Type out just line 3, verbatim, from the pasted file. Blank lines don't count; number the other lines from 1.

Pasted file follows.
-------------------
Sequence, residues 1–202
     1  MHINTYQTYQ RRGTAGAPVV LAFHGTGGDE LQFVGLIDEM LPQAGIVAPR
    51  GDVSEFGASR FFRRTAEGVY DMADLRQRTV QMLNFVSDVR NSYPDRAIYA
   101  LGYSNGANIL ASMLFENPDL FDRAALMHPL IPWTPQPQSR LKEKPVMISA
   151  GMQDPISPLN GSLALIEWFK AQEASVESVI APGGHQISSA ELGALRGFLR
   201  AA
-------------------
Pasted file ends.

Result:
    51  GDVSEFGASR FFRRTAEGVY DMADLRQRTV QMLNFVSDVR NSYPDRAIYA